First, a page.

Comparison of PCR versus PCR-Free DNA library preparation for characterising the human faecal virome

Hsieh, Shen-Yuan, Tariq, Mohammad A., Telatin, Andrea, Ansorge, Rebecca, Adriaenssens, Evelien M., Savva, George M., Booth, Catherine, Wileman, Tom, Hoyles, Lesley and Carding, Simon R. (2021) Comparison of PCR versus PCR-Free DNA library preparation for characterising the human faecal virome. Viruses, 13 (10). ISSN 1999-4915

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Abstract

The human intestinal microbiota is abundant in viruses, comprising mainly bacteriophages, occasionally outnumbering bacteria 10:1 and is termed the virome. Due to their high genetic diversity and the lack of suitable tools and reference databases, the virome remains poorly characterised and is often referred to as “viral dark matter”. However, the choice of sequencing platforms, read lengths and library preparation make study design challenging with respect to the virome. Here we have compared the use of PCR and PCR-free methods for sequence-library construction on the Illumina sequencing platform for characterising the human faecal virome. Viral DNA was extracted from faecal samples of three healthy donors and sequenced. Our analysis shows that most variation was reflecting the individually specific faecal virome. However, we observed differences between PCR and PCR-free library preparation that affected the recovery of low-abundance viral genomes. Using three faecal samples in this study, the PCR library preparation samples led to a loss of lowerabundance vOTUs evident in their PCR-free pairs (vOTUs 128, 6202 and 8364) and decreased the alpha-diversity indices (Chao1 p-value = 0.045 and Simpson p-value = 0.044). Thus, differences between PCR and PCR-free methods are important to consider when investigating “rare” members of the gut virome, with these biases likely negligible when investigating moderately and highly abundant viruses.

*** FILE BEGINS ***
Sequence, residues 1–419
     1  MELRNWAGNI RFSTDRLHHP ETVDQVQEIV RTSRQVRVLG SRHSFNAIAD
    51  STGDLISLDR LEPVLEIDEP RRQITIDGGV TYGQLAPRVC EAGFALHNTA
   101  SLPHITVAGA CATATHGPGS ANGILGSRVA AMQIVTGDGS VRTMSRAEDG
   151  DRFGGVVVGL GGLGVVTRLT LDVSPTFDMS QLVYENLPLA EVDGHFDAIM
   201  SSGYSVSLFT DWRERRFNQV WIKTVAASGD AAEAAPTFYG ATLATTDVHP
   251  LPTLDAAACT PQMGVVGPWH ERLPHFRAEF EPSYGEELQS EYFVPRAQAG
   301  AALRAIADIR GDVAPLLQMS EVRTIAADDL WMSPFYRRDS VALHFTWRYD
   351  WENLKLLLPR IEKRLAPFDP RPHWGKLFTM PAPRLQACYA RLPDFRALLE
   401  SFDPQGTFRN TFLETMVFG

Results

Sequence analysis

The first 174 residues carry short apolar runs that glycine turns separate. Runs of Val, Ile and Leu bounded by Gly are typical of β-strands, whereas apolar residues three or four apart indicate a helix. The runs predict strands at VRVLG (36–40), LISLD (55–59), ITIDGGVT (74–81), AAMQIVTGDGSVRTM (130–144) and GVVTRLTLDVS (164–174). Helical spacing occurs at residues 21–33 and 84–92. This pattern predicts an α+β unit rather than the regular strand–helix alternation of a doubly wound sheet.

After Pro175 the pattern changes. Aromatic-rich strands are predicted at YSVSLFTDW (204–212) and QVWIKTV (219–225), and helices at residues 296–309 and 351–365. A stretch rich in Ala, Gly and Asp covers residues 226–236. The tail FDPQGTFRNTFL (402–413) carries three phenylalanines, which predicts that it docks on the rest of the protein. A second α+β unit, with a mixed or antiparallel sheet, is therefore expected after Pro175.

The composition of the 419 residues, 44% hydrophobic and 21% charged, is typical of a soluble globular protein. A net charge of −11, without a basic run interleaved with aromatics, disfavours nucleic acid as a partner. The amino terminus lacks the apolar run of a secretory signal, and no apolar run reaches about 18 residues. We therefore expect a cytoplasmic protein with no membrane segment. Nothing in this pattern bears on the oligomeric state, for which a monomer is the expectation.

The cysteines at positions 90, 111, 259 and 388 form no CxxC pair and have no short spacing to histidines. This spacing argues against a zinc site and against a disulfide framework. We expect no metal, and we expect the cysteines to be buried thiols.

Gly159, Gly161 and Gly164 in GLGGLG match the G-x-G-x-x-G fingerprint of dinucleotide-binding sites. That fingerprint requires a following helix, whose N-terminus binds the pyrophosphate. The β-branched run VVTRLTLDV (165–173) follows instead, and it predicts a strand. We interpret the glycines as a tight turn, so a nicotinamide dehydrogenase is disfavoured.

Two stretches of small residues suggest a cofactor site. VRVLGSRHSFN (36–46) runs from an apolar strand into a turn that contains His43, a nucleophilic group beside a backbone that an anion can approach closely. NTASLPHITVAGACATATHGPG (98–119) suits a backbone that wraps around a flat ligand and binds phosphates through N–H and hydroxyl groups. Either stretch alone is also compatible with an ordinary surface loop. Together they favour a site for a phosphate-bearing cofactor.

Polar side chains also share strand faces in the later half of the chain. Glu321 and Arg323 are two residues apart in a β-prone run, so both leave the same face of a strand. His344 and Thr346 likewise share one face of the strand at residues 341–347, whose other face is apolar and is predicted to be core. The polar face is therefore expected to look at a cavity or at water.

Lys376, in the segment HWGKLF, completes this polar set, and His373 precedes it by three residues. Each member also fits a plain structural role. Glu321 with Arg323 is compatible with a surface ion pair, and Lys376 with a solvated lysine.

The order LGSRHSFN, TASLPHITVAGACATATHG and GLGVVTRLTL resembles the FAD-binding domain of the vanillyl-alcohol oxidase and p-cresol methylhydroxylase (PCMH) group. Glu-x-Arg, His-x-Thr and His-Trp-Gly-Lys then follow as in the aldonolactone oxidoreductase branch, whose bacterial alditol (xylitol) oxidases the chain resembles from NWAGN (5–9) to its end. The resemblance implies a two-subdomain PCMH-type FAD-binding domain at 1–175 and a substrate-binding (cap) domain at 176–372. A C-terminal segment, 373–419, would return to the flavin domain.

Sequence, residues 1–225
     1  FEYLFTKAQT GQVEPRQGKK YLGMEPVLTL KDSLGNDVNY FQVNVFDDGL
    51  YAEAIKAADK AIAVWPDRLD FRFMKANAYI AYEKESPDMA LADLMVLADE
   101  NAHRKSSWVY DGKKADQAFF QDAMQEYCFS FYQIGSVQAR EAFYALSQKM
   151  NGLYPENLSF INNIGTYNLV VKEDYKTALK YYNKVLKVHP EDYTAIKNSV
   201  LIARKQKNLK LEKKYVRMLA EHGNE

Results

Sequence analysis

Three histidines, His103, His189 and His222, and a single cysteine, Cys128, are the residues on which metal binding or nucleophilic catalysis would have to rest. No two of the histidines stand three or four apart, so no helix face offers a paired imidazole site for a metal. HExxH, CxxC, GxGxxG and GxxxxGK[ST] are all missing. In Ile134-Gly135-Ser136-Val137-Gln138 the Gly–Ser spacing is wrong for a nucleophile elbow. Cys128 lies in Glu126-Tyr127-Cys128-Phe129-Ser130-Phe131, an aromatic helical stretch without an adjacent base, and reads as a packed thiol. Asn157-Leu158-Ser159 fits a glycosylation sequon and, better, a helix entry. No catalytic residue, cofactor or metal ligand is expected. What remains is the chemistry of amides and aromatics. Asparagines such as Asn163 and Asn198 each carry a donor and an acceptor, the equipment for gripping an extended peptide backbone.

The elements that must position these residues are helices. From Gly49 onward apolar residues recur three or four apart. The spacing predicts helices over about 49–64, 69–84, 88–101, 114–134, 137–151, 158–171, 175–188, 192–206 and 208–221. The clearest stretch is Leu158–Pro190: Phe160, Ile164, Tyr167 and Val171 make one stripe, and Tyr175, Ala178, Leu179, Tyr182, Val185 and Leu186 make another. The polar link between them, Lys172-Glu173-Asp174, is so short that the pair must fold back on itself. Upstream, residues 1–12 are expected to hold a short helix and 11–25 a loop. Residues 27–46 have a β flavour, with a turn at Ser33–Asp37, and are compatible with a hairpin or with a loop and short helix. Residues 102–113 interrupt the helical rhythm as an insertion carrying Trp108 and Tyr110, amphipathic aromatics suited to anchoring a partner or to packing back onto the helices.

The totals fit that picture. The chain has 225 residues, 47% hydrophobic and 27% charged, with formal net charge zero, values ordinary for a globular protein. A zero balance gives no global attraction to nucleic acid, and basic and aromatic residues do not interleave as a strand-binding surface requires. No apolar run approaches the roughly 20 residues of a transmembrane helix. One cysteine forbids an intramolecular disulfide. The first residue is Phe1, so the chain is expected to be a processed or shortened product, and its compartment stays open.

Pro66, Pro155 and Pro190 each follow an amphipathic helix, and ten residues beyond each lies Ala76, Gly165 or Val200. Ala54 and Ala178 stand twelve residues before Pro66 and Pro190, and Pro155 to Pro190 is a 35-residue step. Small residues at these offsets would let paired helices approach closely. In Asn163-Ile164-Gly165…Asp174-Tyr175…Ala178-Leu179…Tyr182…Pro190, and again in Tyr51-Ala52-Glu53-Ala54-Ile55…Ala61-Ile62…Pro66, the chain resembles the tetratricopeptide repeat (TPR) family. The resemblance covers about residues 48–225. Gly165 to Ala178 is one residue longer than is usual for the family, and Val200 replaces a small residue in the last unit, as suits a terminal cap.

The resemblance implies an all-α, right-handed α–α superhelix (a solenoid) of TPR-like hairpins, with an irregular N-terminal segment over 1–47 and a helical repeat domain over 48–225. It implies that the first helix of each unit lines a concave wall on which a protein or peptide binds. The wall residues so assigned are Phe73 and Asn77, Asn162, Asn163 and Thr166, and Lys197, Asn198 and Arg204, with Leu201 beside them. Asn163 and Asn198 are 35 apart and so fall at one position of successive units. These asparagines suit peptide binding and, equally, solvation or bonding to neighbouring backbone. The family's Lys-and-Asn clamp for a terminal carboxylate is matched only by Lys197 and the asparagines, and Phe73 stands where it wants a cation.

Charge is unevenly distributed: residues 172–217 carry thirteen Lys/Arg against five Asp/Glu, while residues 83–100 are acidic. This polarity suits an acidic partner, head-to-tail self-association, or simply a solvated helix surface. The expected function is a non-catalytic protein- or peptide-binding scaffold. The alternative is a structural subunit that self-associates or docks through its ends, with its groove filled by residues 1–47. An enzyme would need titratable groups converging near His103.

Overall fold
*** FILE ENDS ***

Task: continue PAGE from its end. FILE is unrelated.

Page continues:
Item Type: Article
Additional Information: Funding Information: This work was supported in part by the UK Biotechnology and Biological Sciences Research Council (BBSRC) and BBSRC Institute Strategic Program grant BB/R012490/1 to the Gut Microbes and Health Research Programme and its constituent projects BBS/E/F/000PR10353 and BBS/E/F/000PR10356 410 (S.R.C.).We would like to acknowledge the assistance of Moreno Zolfo and Nicola Segata (University of Trento, Italy) with ViromeQC analysis and providing mapping data. We would also like to thank the donors who participated in this study. Funding Information: Funding: This work was supported in part by the UK Biotechnology and Biological Sciences Research Council (BBSRC) and BBSRC Institute Strategic Program grant BB/R012490/1 to the Gut Microbes and Health Research Programme and its constituent projects BBS/E/F/000PR10353 and BBS/E/F/000PR10356 410 (S.R.C.). Publisher Copyright: © 2021 by the authors. Licensee MDPI, Basel, Switzerland.
Uncontrolled Keywords: bacteriophage,pcr bias,virome,infectious diseases,virology ,/dk/atira/pure/subjectarea/asjc/2700/2725
Faculty \ School: Faculty of Medicine and Health Sciences > Norwich Medical School
Faculty of Science > School of Biological Sciences
Faculty of Medicine and Health Sciences > School of Health Sciences
Related URLs:
Depositing User: LivePure Connector
Date Deposited: 02 Nov 2021 01:58
Last Modified: 20 Nov 2021 01:39
URI: https://ueaeprints.uea.ac.uk/id/eprint/81940
DOI: 10.3390/v13102093

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